Amy Vanderbilt was born on July 22, 1908 in New York City, New York, a relation of Cornelius Vanderbilt, an American business magnate and philanthropist who built his wealth in railroads and shipping. She worked as a part-time reporter for the Staten Island Advance when she was 16 while attending Curtis High School. She furthered her studies and was educated in Switzerland and the Packer Collegiate Institute in Brooklyn, before attending New York University.
From 1929 to 1932 she was married to Robert Brinkerhoff. She worked in advertising and public relations, and published her famous book, Amy Vanderbilt's Complete Book of Etiquette, in 1952, after five years of research. She also wrote, among other books, 1961's Amy Vanderbilt's Complete Cook Book illustrated by Andy Warhol. This cookbook's illustrations are attributed to "Andrew Warhol", and predate Andy Warhol's first New York solo pop art exhibition. His illustrations are simple line drawings in pen and ink.
|How to Eat a Lobster from Amy Vanderbilt accompanied by Andy Warhol's illustrations.|
From 1954 - 1960 she hosted the television program It's in Good Taste and from 1960 - 1962 she hosted the radio program The Right Thing to Do. In 1968 she married Curtis Kellar, a lawyer for Mobil Oil. She also worked as a consultant for several agencies and organizations, including the Princess House Crystal Company and the U.S. Department of State.
On December 27, 1974, she died from multiple fractures of the skull after falling from a second-floor window in her townhouse at 438 East 87th Street in New York. It remains unclear whether her fall was accidental (most likely due to the medications she took for hypertension, which friends and relatives said caused her to have severe dizzy spells) or whether she committed suicide. She was buried at the Cemetery of the Evergreens in Brooklyn, New York.
|Sooner or later everybody needs Amy Vanderbilt|
Amy Vanderbilt's Obituary and the Mystery–
Jump Or Fall?
Amy Vanderbilt Dies In New York Plunge
December 28, 1974, The Desert Sun– NEW YORK (UPI) - Amy Vanderbilt, columnist and etiquette expert whose book on manners became a standard for American behavior, died in a plunge from her second-story apartment Friday night. She was 66. Police at first said it appeared to be a suicide, but today said it had not been determined whether she jumped or fell.
An official ruling was withheld pending an inquiry and an autopsy. Police said no suicide note was found. Her husband, Curtis Kellar, was inside the apartment when the fatal plunge occurred. He said he walked into the front room, noticed his wife was not present and saw the open window, police said. Police said a passerby found the body of the author of "The New Complete Book of Etiquette" lying on the sidewalk in front of her apartment at 7:55 p.m. Reached later at home, Kellar said his wife had been ill for a long time with hypertension and had been taking various drugs. He said she complained of dizzy spells and may have fallen out of the window. A friend, who asked not to be identified, described Miss Vanderbilt, who she said she saw two days before Christmas, as being “a little harried preparing for Christmas, but in good spirits.”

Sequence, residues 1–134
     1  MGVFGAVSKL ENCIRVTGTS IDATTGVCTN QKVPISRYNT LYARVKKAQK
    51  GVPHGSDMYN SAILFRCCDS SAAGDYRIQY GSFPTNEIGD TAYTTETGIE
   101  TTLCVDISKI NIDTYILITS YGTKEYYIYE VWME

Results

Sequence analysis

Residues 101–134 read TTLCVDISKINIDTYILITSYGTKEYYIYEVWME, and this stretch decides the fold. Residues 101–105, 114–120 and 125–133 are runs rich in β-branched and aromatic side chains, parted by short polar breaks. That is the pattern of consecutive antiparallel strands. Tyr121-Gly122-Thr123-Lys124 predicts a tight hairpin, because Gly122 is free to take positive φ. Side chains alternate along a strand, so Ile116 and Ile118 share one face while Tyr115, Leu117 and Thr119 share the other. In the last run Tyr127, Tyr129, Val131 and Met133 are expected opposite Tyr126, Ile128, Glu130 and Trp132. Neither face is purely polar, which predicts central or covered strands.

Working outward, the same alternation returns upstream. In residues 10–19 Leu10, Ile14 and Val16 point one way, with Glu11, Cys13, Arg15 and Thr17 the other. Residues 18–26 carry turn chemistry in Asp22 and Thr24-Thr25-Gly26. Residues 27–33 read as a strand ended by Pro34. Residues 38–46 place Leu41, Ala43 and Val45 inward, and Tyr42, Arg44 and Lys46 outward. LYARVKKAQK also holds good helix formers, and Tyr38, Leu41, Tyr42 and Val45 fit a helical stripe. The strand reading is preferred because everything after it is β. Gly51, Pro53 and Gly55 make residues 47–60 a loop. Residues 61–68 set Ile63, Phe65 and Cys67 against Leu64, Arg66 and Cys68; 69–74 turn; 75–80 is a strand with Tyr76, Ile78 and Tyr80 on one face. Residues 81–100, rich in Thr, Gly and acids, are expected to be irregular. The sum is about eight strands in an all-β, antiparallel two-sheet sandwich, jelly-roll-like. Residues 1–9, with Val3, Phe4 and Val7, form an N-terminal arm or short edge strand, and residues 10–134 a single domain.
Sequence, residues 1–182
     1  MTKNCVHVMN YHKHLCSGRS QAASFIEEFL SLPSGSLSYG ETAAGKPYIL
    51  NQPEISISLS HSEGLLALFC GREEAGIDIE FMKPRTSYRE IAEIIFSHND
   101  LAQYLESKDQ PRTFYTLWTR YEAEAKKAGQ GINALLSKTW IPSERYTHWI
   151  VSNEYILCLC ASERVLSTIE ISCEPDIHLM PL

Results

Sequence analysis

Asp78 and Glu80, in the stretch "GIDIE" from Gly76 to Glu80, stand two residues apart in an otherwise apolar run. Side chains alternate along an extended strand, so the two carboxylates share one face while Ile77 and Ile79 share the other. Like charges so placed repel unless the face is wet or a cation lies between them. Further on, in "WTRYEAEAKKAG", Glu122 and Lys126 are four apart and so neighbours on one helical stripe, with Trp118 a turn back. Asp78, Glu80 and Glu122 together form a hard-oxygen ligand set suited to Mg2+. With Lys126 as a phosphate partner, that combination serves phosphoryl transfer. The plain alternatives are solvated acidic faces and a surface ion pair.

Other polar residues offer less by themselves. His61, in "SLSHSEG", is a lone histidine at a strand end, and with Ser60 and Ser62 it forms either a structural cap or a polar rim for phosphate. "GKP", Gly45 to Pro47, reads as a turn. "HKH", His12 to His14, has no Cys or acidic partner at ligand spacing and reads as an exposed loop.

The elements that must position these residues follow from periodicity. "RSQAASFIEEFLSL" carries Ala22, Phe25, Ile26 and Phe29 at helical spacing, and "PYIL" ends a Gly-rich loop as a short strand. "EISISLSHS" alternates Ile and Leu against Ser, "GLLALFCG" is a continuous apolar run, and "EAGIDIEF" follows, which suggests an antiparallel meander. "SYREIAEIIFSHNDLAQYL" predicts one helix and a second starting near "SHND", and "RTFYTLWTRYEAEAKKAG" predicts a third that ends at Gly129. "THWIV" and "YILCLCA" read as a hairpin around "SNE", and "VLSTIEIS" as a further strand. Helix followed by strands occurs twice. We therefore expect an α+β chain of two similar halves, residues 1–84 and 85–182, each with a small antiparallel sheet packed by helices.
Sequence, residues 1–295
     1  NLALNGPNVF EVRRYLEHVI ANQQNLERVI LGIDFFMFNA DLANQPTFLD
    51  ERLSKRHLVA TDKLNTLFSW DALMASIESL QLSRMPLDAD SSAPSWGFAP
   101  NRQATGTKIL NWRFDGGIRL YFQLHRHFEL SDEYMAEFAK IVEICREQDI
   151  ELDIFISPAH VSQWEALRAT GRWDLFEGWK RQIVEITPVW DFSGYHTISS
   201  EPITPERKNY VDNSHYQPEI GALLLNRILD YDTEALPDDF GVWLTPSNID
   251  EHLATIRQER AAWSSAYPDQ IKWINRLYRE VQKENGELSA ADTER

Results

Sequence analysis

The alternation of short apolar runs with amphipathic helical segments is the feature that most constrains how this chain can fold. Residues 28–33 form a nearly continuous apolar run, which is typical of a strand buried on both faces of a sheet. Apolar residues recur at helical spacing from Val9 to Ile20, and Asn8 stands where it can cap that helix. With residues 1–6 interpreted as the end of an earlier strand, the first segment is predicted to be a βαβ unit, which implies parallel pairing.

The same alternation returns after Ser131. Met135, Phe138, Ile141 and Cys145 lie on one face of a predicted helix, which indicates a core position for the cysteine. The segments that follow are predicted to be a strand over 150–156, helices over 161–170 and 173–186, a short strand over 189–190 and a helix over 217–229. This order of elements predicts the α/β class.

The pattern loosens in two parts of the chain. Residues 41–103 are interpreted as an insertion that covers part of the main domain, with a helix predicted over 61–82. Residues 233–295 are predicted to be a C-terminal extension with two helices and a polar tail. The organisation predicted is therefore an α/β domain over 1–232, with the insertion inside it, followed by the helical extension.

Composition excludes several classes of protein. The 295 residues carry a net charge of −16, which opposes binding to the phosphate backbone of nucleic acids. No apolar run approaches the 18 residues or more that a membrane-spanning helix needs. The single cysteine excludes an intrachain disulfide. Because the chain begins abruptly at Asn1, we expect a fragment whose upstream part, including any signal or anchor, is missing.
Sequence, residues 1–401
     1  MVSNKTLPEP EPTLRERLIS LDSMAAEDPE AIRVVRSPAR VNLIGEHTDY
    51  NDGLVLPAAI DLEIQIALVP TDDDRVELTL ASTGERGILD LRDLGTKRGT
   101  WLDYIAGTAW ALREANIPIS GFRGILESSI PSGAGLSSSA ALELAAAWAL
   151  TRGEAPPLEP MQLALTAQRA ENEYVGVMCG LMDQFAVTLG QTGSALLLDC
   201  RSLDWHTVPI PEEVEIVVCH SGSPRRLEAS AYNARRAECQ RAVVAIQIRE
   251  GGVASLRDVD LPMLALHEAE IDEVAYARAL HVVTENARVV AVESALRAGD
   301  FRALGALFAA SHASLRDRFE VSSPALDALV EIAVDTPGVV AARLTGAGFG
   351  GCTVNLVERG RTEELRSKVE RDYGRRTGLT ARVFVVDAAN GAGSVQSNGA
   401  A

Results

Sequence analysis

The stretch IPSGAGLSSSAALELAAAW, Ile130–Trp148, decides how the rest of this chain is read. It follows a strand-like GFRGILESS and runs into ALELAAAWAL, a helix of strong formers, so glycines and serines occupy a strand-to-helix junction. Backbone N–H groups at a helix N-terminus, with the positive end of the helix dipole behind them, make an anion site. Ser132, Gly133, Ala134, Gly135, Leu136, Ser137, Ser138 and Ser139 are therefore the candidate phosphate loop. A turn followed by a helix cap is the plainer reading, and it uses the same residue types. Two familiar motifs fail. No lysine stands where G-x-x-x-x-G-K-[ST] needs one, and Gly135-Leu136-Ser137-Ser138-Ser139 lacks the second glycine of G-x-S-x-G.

Miss Vanderbilt was taken to Metropolitan Hospital and pronounced dead on arrival at 7:58 p.m., police said. Her “Complete Book of Etiquette” which was completed in 1952, made her a national authority on etiquette. The 700-page book was later revised as “The New Complete Book of Etiquette.” In 1954, Miss Vanderbilt joined the United Feature Syndicate, where she stayed until 1968 as a syndicated columnist. She wrote her column for the Los Angeles Times Syndicate since 1968 and wrote regular monthly columns for the Ladies' Home Journal and McCall’s.
In addition to her literary efforts, Miss Vanderbilt also appeared often on television and radio. From 1954 to 1960 she hosted “It’s in Good Taste,” a television program on etiquette, and from 1960-62 she had her own radio show, "The Right Thing To Do.” Miss Vanderbilt was married four times, the last to Kellar, an assistant general counsel for the Mobil Oil Corp., in 1968. She is survived by three sons, all from previous marriages. They are Lincoln Gill Clark, by her second husband, Morton G. Clark, and Paul Vanderbilt Knopf and Stephen John Knopf, by her third husband, Hans Knopf. Miss Vanderbilt’s body was taken to the Manhattan Medical Examiner’s office for an autopsy.
A memorial service will be held Tuesday at 3 p.m. at the Church of the Holy Trinity, and a family spokesman suggested that in lieu of flowers, donations may be made to the Eye Bank for Sight Restoration in New York.
Etiquette Enthusiast, Maura J. Graber is the Site Editor for Etiquipedia© Etiquette Encyclopedia